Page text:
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How to Sketch Skies and Clouds
Learning how to sketch skies and clouds is an essential skill to have if you want to sketch outdoors. You can simply not ignore the sky and clouds when you sketch outdoors!
Fortunately sketching skies is not a difficult task... if you adopt the following tips, that is!
The sky creates the mood of the landscape.
It determines the quality of light that permeates the entire subject.
Normally lighter at the horizon, the sky gradually becomes deeper overhead.
However, it is not until cloud formations appear that a feeling of movement is imparted to a painting, and the painting of clouds is a major problem for many students.
They load the canvas with white paint, hoping to capture the fleeting effect before them, and the clouds soon take on a chalky, overworked look with no semblance of atmospheric quality. That is not how to sketch skies and clouds!
Clouds are not as white as they first appear to be.
They must be carefully observed and the lost-and-found quality of their edges determined, then they can be composed into the sky area to strengthen the entire design of the painting.
It would be wise to make, first, several pencil drawings of the various formations so that some knowledge is acquired of their anatomy.
At the same time study their values. Notice that the smaller, wispy clouds are darker in value as compared to the larger, heavier clouds.
Follow this period of drawing by painting cloud studies, again observing that the smaller clouds are cooler in color when contrasted to the warmer tone of the larger clouds.
Some painters apply a toning of yellow ochre and white over the entire sky area.
They then paint the sky, leaving the toning the shape of the cloud formations.
The clouds are then lightened and modeled to the degree desired. This method helps avoid the chalkiness that is so often found in students' work.
As you continue to work and observe you will discover that, while the clouds are constantly changing, a certain pattern does exist.
The formation will never be exactlythe same, but the pattern will help you to establish a convincing rendering of the clouds.
There is no definite rule as to when the sky should be painted in the development of the subject, but since the sky is the key to the landscape, it should constantly be compared to the rest of the subject to determine the degree of contrast in color values.
A water-colorist may prefer to do the sky first, because it is easier to paint any intricate dark shapes over the sky area than to paint the sky around the shapes.
On the other hand, a painter using oil may just indicate a few strokes of the sky value overhead, a few more at the horizon, and then concentrate on covering the landscape area.
You can work on the sky again later and design cloud forms to fit the over-all composition.
Whatever approach you use, always keep checking the relationship of the sky to the landscape.
When clouds are painted high in the sky the objects below appear shorter.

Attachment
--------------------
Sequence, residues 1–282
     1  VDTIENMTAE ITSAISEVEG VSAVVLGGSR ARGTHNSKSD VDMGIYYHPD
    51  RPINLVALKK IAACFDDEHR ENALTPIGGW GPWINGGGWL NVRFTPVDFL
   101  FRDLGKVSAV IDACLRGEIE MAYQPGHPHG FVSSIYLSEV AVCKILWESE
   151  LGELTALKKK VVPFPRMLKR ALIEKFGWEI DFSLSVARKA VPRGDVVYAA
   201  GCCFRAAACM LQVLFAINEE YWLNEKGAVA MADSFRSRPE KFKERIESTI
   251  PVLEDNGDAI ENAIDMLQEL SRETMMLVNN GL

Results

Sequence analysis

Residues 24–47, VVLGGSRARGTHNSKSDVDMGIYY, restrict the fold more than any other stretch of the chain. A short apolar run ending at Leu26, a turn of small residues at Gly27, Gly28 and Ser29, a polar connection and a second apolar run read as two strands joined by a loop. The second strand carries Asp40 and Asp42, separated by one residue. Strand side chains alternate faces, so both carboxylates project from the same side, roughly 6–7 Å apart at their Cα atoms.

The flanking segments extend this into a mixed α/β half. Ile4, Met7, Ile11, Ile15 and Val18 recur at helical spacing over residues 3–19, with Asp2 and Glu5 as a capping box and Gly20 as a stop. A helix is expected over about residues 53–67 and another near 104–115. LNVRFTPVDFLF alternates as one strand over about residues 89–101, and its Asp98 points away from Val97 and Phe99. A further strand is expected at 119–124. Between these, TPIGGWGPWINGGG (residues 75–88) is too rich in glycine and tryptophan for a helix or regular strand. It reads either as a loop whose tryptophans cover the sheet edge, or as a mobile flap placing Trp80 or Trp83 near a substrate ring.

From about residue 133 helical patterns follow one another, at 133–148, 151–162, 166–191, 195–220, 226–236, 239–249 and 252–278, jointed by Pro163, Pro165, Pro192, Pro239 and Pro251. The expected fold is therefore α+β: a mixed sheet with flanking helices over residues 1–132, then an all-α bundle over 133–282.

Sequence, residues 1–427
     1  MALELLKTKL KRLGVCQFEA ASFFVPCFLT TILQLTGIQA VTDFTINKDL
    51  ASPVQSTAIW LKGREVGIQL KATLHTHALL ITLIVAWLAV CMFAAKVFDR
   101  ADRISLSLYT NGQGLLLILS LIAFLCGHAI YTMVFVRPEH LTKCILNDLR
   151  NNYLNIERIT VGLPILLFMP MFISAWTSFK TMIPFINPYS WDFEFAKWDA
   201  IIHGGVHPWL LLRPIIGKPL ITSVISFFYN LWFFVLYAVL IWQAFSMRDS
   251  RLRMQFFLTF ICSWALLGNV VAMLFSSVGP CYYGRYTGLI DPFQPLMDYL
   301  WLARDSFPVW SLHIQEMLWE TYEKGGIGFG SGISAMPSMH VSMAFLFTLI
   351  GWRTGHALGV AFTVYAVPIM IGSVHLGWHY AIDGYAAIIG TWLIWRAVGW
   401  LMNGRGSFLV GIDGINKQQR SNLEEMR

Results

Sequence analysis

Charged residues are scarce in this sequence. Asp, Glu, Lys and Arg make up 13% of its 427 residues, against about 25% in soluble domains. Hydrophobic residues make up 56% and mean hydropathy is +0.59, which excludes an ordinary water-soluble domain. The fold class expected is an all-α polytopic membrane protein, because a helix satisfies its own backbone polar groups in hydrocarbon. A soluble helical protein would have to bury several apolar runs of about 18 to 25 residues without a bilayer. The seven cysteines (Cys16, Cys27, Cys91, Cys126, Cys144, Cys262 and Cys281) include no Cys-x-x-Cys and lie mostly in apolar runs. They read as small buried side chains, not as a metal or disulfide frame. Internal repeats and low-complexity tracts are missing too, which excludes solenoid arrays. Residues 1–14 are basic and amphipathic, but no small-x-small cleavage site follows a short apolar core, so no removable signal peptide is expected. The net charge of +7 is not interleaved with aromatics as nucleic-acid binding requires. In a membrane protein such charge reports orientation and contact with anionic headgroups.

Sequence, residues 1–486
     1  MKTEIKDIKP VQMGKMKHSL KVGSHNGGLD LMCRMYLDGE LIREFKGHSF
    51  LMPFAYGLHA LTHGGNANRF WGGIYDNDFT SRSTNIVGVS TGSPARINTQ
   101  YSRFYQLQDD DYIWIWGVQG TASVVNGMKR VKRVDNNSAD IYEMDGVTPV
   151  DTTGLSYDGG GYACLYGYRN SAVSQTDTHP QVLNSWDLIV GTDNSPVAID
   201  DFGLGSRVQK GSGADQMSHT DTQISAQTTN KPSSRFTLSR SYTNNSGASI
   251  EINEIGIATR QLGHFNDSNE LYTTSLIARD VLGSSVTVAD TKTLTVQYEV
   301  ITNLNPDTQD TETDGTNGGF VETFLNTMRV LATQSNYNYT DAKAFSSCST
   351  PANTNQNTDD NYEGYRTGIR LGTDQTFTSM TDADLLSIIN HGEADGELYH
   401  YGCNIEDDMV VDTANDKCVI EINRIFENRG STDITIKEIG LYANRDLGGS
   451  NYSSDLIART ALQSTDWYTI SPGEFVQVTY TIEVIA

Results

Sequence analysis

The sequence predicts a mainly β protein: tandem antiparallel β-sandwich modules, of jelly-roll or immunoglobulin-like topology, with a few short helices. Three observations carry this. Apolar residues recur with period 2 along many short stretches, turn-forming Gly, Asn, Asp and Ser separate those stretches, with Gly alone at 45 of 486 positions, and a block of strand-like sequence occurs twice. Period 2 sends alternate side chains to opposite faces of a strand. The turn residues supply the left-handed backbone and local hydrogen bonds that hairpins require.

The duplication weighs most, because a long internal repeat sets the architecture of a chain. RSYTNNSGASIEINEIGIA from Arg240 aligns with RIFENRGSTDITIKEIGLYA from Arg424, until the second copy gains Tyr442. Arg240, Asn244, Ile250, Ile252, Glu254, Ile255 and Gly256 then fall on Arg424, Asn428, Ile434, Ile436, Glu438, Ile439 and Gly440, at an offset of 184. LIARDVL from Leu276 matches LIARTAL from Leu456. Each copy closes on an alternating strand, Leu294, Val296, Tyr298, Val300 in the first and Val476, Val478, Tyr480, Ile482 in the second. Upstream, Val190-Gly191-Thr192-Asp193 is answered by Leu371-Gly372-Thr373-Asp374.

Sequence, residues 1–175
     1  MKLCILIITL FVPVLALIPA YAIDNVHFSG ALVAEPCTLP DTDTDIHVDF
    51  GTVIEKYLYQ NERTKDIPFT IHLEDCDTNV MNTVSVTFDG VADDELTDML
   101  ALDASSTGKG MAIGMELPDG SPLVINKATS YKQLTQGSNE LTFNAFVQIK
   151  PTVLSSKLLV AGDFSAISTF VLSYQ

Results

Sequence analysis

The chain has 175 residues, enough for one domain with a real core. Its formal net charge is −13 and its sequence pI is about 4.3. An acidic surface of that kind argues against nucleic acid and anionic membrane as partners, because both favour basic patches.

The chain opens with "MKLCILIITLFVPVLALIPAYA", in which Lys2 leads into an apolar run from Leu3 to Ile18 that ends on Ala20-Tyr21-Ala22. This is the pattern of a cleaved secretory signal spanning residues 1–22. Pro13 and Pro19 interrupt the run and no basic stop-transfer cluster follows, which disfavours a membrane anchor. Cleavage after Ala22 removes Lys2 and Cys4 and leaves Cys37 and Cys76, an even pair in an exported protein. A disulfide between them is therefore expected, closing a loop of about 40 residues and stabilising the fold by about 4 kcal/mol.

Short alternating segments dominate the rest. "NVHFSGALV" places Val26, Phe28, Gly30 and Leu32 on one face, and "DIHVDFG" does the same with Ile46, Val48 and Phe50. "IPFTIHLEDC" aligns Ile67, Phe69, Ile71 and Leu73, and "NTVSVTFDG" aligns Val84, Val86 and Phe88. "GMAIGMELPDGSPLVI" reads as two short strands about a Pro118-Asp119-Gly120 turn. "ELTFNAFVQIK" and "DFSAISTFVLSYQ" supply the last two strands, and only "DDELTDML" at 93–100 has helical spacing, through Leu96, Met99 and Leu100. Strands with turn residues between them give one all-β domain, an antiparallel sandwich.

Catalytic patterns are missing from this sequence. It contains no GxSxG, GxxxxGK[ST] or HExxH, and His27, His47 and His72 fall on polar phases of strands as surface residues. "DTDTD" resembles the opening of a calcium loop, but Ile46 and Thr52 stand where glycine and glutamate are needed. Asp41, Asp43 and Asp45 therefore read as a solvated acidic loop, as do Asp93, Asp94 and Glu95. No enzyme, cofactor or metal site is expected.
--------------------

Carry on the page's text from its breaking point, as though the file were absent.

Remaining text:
When painted lower, toward the horizon, the clouds impart a feeling of majestic height tothe objects.
The rawness of the blue that is found in so many students' skies can be modified with Raw Umber or Light Red.
A touch of either color added to the blue mixture will neutralize the color.
A more "atmospheric" quality can be given to blue skies in a water color by first laying a light Umber wash over the sky area.
Allow it to dry before applying the blue.
When the landscape is flat and uninteresting, have the sky dominate the composition. Stress the cloud formation, making it as exciting and interesting as possible.
Clouds offer a ready means to express recession in your painting. They are the most flexible element in the composition.
Use cloud forms as an aid in designing the picture.
Below I include one of several methods of painting clouds and sky.
The clouds are quickly sketched in when an interesting formation takes place, the modeling of their forms follows, and the color of the sky is painted last.
How to Sketch the Sky and Clouds Step by Step
The process of sketching skies and clouds can be summarized into 3 easy steps:
Be Careful With The Foreground!
Learning how to sketch skies is important, but there is also something else to take into account when sketching outdoors: The foreground.
Take care not to make the general tone of the foreground too dark, especially if it is in shadow.
It should always be luminous enough so that dark objects can be discerned and sharp accents defined.
Broken color and paint applied in an impasto manner will impart a textural quality.
Because aerial perspective controls the degree of local color, objects closer to you will be stronger in color.
The view-finder described on page 80 will be a great help in determining the amount of foreground to include in the painting.
If your foreground has a tendency to become fuzzy or overworked, some touches of paint applied with the palette knife will give it an immediate feeling of crisp vitality.
Avoid placing a figure in full light in the immediate foreground unless you want the landscape reduced to secondary interest.
Be careful not to distort objects. A bush that is close to you will resemble a tree if allowance is not made for the distorted perspective.
By establishing the base line of your subject a bit higher, an objectionable immediate foreground can often be eliminated.
It is necessary to render a certain amount of detail to bring the foreground toward you, but do not overdo it.
Too much detail will prevent the viewer's eye from traveling over the entire composition.
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